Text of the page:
Methods of Aquaponics
Methods of Aquaponics
There are many different conﬁgurations of aquaponic systems. The components common to every aquaponic system are the ﬁsh tank and a plant bed. The variables include ﬁltration components, plumbing components, the type of plant bed and the amount and frequency of water circulation and aeration. Generally speaking, systems that utilize some ﬁltration to remove the solid ﬁsh waste will have higher production of ﬁsh and plants than those that don’t use ﬁltration.
There are three primary aquaponic methods emerging in the industry. Each if these methods is based on a hydroponic system design, with accommodations for ﬁsh and ﬁltration.
In a raft system (also known as ﬂoat, deep channel and deep ﬂow) the plants are grown on Styrofoam boards (rafts) that ﬂoat on top of water. Most often, this is in a tank separate from the ﬁsh tank. Water ﬂows continuously from the ﬁsh tank, through ﬁltration components, through the raft tank where the plants are grown and then back to the ﬁsh tank.
The beneﬁcial bacteria live in the raft tank and throughout the system. The extra volume of water in the raft tank provides a buffer for the ﬁsh, reducing stress and potential water quality problems. This is one of the greatest beneﬁts of the raft system. In addition, the University of the Virgin Islands and other research programs have worked to develop and reﬁne this method for over 25 years. The raft system is a well developed method with very high production per square foot.
In a commercial system, the raft tanks can cover large areas, best utilizing the ﬂoor space in a green house. Plant seedlings are transplanted on one end of the raft tank. The rafts are pushed forward on the surface of the water over time and then the mature plants are harvested at the other end of the raft. Once a raft is harvested, it can be replanted with seedlings and set into place on the opposite end. The optimizes ﬂoor space, which is especially important in a commercial greenhouse setting.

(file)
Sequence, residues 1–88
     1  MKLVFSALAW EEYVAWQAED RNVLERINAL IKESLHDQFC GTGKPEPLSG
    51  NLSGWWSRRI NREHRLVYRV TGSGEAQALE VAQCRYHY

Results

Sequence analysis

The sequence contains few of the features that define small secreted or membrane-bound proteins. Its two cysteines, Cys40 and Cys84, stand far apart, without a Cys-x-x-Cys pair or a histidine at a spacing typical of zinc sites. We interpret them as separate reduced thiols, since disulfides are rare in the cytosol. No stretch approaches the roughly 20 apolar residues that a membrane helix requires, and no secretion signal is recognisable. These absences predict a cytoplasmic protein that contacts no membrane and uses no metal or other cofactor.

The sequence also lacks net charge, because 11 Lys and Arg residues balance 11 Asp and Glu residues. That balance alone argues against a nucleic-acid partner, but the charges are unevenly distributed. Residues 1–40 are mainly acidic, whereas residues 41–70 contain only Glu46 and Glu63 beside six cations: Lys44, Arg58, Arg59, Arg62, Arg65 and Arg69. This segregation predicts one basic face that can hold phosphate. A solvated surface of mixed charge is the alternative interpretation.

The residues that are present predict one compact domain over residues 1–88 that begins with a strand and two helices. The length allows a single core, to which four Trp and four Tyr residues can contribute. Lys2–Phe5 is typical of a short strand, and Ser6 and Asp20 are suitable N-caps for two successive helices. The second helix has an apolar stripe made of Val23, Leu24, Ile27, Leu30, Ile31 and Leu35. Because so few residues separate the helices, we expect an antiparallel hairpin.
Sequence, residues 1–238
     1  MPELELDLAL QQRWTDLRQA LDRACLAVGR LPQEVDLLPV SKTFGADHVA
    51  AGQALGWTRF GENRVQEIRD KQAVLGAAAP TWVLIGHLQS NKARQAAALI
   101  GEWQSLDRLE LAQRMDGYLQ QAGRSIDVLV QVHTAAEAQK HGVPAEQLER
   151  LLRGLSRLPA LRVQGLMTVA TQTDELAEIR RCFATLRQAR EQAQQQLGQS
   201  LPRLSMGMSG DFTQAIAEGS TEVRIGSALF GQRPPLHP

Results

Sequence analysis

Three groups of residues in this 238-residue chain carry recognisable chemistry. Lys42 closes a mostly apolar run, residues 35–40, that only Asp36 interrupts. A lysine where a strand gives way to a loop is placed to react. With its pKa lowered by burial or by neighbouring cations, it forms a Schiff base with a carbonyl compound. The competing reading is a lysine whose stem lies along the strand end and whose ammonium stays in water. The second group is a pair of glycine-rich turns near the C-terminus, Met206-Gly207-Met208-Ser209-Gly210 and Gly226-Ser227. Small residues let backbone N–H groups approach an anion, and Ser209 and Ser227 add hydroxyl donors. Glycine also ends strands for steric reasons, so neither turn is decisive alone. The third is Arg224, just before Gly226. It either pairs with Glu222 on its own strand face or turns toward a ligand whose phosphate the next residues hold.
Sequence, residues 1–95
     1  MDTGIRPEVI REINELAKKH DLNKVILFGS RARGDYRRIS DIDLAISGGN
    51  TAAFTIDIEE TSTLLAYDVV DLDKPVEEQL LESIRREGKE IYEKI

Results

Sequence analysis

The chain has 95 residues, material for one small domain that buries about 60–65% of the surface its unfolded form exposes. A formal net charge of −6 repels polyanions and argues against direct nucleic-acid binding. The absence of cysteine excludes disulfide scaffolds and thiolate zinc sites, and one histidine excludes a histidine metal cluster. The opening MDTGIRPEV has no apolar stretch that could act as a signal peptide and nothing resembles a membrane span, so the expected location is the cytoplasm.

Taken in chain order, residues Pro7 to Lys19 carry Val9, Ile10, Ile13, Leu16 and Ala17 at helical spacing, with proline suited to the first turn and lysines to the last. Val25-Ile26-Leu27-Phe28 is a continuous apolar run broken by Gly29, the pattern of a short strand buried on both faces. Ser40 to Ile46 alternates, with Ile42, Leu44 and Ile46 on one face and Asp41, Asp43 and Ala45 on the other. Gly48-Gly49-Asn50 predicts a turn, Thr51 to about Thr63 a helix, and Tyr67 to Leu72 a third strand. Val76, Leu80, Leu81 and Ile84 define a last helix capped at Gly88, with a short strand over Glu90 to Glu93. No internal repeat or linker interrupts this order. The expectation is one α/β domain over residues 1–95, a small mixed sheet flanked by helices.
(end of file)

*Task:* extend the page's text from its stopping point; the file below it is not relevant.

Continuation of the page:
NFT (Nutrient Film Technique)
NFT (Nutrient Film Technique) is a method in which the plants are grown in long narrow channels. A thin ﬁlm of water continuously ﬂows down each channel, providing the plant roots with water, nutrients and oxygen. As with the raft system, water ﬂows continuously from the ﬁsh tank, through ﬁltration components, through the NFT channels where the plants are grown and then back to the ﬁsh tank. In NFT, a separate bio ﬁlter is required, however, because there is not a large amount of water or surface for the beneﬁcial bacteria to live. In addition, the plumbing used in a hydroponic NFT system is usually not large enough to be used in aquaponcis because the organic nature of the system and “living” water will cause clogging of small pipes and tubes. NFT aquaponics shows potential but, at this time, it is used less than the other two methods discussed here.
Media-ﬁlled Bed System
A media-ﬁlled bed system uses a tank or container that is ﬁlled with gravel, perlite or another media for the plant bed. This bed is periodically ﬂooded with water from the ﬁsh tank. The water then drains back to the ﬁsh tank. All waste, including the solids, is broken down within the plant bed. Sometimes worms are added to the gravel-ﬁlled plant bed to enhance the break-down of the waste. This method uses the fewest components and no additional ﬁltration, making it simple to operate. The production is, however, much lower than the two methods described above. The media-ﬁlled bed is often used for hobby applications where maximizing production is not a goal.Article: Methods of Aquaponics
Article Source: Pond Talk
Author: Sunland Water Gardens
Resources: Aquaponics Supplies